In 1992, actor Woody Harrelson helped changed the perception that all white guys suck at basketball in the hit film “White Men Can’t Jump”. In the movie, ball players throughout Los Angeles put money on the line, assuming Harrelson’s character couldn’t play the sport because he was a white guy. Of course, they were unaware of the skills he possessed and based their opinion solely from the color of his skin. This type of stereotypical thing is way too familiar to a Rochester skateboarder. Contrary to the popular belief, Ajani Jeffries is a Black man that loves to skateboard… and damn good at it!
So if white men cant jump, Black guys can’t skaterboard? Like Harrelson changed some viewpoints of peoples expectations about basketball, Jeffries is doing the same thing with skateboarding. He’s using his passion for the action sport to help change the perception of all the risk-takers that hop on skateboards every day. Jeffries is creatively working to help people in his city have an appreciation for skateboarding no matter who’s kicking and pushing.
Inspired by Hip Hop mogul Pharrell Williams and his unique way of self-expression through fashion and music, Jeffries aspire to make skateboarding as cool as Pharrell made fitted jeans and loud color clothing trendy for black men. In 2011, just 3 years after he picked up his first Penny Skateboard, Jeffries became CEO of GoldnRd Clothing Co. (pronounced Golden Road) to help other skaters gain sponsorship to push their careers in skateboarding—a path he believe inspires people to use their imagination to do the unthinkable.
The name behind the company is symbolic to Jeffries. He “believe the streets in heaven are paved with gold,” and he “wanted to create an idea of heaven on earth” because of the supernatural feeling he gets while skateboarding.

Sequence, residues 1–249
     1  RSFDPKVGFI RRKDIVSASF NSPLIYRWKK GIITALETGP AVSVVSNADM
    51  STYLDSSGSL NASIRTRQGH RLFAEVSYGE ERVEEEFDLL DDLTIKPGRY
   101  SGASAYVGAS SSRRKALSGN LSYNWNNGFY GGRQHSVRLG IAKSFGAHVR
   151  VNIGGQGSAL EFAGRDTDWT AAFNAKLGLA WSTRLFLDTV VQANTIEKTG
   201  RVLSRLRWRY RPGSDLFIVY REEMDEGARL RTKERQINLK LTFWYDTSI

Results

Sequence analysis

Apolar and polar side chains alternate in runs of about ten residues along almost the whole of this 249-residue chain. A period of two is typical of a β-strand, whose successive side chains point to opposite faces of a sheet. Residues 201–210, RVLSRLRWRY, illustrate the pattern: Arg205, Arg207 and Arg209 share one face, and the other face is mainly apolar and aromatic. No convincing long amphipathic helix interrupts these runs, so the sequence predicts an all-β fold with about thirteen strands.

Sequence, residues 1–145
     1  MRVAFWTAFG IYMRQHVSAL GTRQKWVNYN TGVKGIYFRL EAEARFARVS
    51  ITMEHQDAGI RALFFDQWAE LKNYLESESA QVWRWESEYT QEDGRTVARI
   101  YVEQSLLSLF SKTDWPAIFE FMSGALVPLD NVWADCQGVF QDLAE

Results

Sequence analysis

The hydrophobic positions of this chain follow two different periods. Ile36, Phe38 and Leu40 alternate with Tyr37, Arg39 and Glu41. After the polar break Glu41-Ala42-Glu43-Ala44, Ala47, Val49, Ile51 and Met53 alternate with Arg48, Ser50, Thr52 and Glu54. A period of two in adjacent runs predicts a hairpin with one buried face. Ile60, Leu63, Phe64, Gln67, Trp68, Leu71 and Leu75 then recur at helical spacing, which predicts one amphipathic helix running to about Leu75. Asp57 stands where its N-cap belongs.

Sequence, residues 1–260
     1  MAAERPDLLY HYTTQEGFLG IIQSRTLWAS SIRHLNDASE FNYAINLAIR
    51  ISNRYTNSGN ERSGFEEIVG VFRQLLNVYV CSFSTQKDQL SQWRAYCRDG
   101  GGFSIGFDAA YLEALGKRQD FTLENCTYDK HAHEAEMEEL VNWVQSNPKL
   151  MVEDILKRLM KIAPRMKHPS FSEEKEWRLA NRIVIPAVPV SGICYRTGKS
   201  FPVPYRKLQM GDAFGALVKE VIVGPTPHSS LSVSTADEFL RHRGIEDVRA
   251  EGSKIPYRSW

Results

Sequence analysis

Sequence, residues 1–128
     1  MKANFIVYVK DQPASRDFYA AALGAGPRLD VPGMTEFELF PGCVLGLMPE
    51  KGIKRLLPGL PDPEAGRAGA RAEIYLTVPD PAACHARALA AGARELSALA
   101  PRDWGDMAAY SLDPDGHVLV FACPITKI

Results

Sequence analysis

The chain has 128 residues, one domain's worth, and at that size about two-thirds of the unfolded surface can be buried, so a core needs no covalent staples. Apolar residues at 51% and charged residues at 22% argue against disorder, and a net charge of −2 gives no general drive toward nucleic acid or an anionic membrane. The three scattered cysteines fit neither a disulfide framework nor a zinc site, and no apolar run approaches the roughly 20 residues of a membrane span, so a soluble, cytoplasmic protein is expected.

A full-time entrepreneur, Jeffries has now turned his clothing company into a multi-media business where he thrives to enhance the brand of other small businesses in Rochester through creative media production.
On any given day, throughout all 4 seasons, it’s likely for Jeffries to pull out his Penny Skateboard to get him to his desired destination in Rochester. It’s common for people to see him dancing while skating to songs like “Skateboard P” by new school hip hop artist MadeinTYO as seen in the video above. From the east end neighborhood to the west side of the city, Jeffries has found that he’s making people smile from his theatrical moves combined with his love for skateboarding.
“All of the guys around the way have respect for me when they see me riding on my skateboard,” said Jeffries.
While appreciated by many, it’s likely that Jeffries and other skateboarding buddies are perceived in a different light by law enforcement. Jeffries acknowledged that it’s not an unfamiliar thing for them to be stopped by the police for skating in the street.
“There’s no lane for skateboarders…and there are no parks,” said Jeffries. “I’ve been stopped and frisked a number of times for skateboarding,” expressing frustration for the lack of passion for skateboarders in Rochester.
For several years, there has been talk about a skate park making its way to Rochester. In a recent tweet by Roc City Skatepark, whose mission is to build a world class, public cement skate park in the City of Rochester, a MOU (memorandum of understanding) with the City is almost finalized to move forward with a plan that will allow skateboarders like Jeffries an outlet for self-expression.
While Jeffries is patiently waiting for the development of a local skate park to actually happen, he has plans to continue to inspire through skateboarding. In 2018, Jeffries will tour several cities that are known for popular skate parks to educate and entertain communities about how skateboarding can be used as a tool for people to step out of their comfort zone in an effort to accomplish unimaginable goals.